The cosigner did not have a contract with the primary borrower, only with the lender; that being the case the cosigner would sue for his or her financial losses not for a breach of contract.
Since your ex-fiance cosigned on the loan, they are just as much obligated to the contract as you are. The only way they could get their name "off the loan" was, as you said, for the original borrower to obtain a new loan, in order pay off the original obligation. If this is not possible, then she is locked into the original contract.
No, when the parent cosigned the loan, they agreed to pay what the child couldn't. * Yes, the contract that was cosigned was between the borrower's and the lender. A cosigner has the legal right to file suit against a primary borrower for financial damages incurred due to the primary borrower defaulting on the contract.
if the consigner files bankruptcy can the borrower take the car
The person who's name is on the Title is the owner of the car.
Yes, for Breach of contract.
The foreclosure is reported under the names of the primary borrower and the co-signer. The co-signer is equally responsible for paying the loan.
You may be held responsible for the judgment if the original borrower fails to pay. When you cosigned for the loan you were agreeing to pay it if the borrower defaulted.
Nope... You signed a binding contract.
I cosigned to help a friend purchase a used car. I later found out that the automobile was double the blue book suggested retail price. Now the signer and the car are missing. What can I do to get out of the contract.
You are legally bound to the lease and the obligations of the original contract as if it were your lease. You can take the person that you co-signed for to court for reimbursement.
Yes, you are. That is what cosigning means. The lender didn't think the borrower could (or would) repay them, so they only loaned him the money because you said you would pay if he didn't.
A co-signer is fully legally responsible for the debt of the loan if the other person on the loan fails to pay as per the signed loan contract. All rights and responsibilities are in the contract.
Yes, They can because that means that the primary borrower has failed to meet the requirements of the lender by maintaining coverage on the car. You are already in Default and subject to Repossession by not having the vehicle insured. This failure also increases the risk to the cosigner who is a guarantor on the note. If they decide to Repossess the vehicle and call in the note, your cosigner can be sued and will be held jointly and separately liable for the entirety of original note he cosigned as well as any new charges that have been added due to the primary borrowers breech of contract.A co signer can take charge of the car if the person they cosigned for is not able or does not do what they agreed to. When a financial institution takes out insurance on the car it is to solely keep the institution from being sued, it is not to fix or cover the borrower in anyway, but the borrower will have to pay for the insurance that the financial institution takes out, they usually put it onto the end of the note. Best to keep insurance on the car.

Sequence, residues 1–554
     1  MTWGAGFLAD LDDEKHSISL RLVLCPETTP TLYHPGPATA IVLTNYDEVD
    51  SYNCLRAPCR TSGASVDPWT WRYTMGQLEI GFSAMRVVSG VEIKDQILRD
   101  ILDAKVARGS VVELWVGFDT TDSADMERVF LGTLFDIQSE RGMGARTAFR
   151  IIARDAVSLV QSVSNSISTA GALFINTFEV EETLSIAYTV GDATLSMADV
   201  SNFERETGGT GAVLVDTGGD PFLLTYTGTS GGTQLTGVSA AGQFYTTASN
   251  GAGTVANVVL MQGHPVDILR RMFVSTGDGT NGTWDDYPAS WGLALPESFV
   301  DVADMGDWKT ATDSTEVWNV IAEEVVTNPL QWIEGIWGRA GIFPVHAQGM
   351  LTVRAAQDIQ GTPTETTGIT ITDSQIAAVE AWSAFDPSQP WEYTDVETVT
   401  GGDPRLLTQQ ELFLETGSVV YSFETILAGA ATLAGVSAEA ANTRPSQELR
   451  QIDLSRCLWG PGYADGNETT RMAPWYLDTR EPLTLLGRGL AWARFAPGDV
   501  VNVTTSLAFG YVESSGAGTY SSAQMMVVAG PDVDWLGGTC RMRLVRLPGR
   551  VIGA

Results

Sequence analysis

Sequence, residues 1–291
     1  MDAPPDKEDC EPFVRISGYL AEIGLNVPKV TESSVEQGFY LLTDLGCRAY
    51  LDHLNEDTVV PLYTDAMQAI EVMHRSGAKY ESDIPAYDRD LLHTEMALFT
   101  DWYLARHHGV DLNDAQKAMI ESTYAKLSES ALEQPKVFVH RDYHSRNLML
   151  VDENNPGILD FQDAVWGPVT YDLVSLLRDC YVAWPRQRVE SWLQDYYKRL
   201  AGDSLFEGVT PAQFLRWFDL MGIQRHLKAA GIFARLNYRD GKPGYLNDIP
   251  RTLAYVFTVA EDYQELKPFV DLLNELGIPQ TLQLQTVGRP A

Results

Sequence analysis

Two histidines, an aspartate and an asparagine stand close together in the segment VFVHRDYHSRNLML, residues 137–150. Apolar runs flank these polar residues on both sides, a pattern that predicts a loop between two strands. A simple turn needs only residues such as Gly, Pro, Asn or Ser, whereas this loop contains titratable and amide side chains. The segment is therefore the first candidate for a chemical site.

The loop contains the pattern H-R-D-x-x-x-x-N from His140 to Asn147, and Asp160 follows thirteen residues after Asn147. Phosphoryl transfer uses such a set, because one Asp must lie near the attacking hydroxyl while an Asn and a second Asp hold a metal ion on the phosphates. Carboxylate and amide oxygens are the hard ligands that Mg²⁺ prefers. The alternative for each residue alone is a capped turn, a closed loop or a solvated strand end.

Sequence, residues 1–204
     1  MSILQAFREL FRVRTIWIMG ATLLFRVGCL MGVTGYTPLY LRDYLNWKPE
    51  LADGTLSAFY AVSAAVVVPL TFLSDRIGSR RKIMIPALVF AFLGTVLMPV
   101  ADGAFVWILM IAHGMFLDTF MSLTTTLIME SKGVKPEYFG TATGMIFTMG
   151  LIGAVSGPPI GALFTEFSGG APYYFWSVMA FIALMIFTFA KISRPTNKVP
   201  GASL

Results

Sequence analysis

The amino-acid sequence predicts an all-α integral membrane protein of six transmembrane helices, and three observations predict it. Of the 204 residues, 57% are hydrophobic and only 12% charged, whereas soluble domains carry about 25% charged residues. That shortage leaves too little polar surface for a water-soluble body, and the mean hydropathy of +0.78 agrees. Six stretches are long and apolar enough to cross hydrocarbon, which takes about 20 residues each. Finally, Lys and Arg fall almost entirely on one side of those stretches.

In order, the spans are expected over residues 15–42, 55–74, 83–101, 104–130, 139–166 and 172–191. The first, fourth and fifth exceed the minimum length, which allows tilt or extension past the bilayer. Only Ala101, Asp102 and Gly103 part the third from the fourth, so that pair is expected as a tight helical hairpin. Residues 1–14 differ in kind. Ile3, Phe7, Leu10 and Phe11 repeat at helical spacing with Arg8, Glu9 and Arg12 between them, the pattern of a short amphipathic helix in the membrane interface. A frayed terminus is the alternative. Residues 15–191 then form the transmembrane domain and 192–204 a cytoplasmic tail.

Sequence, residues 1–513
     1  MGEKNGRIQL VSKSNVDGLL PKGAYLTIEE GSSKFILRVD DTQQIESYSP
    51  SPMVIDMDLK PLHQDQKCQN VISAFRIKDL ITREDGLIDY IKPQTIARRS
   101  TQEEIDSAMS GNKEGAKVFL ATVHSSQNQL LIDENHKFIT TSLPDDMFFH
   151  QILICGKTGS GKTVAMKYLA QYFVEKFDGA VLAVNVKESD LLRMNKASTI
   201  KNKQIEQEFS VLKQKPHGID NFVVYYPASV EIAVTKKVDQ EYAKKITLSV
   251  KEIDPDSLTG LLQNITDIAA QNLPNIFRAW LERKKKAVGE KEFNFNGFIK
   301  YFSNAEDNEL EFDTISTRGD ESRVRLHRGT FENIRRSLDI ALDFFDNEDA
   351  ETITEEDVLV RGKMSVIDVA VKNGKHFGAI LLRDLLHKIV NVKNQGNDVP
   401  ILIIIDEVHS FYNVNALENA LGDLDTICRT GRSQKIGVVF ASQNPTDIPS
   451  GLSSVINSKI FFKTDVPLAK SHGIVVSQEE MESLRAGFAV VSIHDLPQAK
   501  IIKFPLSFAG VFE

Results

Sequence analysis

You have your daughter fill out a new application with the landlord. If they will not accept her without a cosigner, and you still want to be off the contract, you wait until the contract expires and refuse to cosign again.
If it's a Parent PLUS loan, no. She's the borrower, not a cosigner.
you and the party you cosigned have to talk to who you have the note with and they should be able to help you out
Pay the loan off and then collect payments from the person you cosigned for.
Be very cautious about co-signing for a loan. If the primary borrower defaults, you are responsible for the loan payment. It also may affect your ability to get a loan if your debt to income ratio is already high.
Hire a lawyer and if the lawyer can't get it back for you, take them to claims court. You'll win for sure.
A cosigner is only responsible for the items that he has cosigned for.
By being a co-signer you become a co-debtor. Therefore if the primary borrower defaults it can reflect on your credit report. There isn't much you can do about it, except try writing a dispute letter, that's a longshot.
No. Only the person who co-signed is responsible. Even in a community property state that debt would not be a marital debt. However, if the primary borrower defaults you wife will have to pay the balance and that, of course, may affect you.
if you are from 'merica
The spouse cannot be held liable, however it is quite possible that the debt is no longer valid for collection. The person who cosigned the loan should find out what the SOL is in the state in which the contract was signed.
If you cosigned, you are the borrower if 1st party doesn't pay. they can only put a lien if they get a judgement first. Remember nothing makes a student loan go away-not even a bk. It just accrues interest forever.